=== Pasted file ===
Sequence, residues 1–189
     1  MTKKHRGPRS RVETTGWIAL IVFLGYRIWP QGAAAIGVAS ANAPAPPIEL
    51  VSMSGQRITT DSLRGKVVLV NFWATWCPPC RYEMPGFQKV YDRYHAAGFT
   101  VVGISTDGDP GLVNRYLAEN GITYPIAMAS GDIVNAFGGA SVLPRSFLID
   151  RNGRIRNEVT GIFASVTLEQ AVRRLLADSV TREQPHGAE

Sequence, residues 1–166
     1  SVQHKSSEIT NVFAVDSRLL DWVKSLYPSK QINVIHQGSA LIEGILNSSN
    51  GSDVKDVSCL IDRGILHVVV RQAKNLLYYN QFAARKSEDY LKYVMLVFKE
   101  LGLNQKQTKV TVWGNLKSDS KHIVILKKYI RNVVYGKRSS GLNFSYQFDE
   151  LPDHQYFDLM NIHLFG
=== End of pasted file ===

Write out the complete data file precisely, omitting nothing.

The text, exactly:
Sequence, residues 1–189
     1  MTKKHRGPRS RVETTGWIAL IVFLGYRIWP QGAAAIGVAS ANAPAPPIEL
    51  VSMSGQRITT DSLRGKVVLV NFWATWCPPC RYEMPGFQKV YDRYHAAGFT
   101  VVGISTDGDP GLVNRYLAEN GITYPIAMAS GDIVNAFGGA SVLPRSFLID
   151  RNGRIRNEVT GIFASVTLEQ AVRRLLADSV TREQPHGAE

Sequence, residues 1–166
     1  SVQHKSSEIT NVFAVDSRLL DWVKSLYPSK QINVIHQGSA LIEGILNSSN
    51  GSDVKDVSCL IDRGILHVVV RQAKNLLYYN QFAARKSEDY LKYVMLVFKE
   101  LGLNQKQTKV TVWGNLKSDS KHIVILKKYI RNVVYGKRSS GLNFSYQFDE
   151  LPDHQYFDLM NIHLFG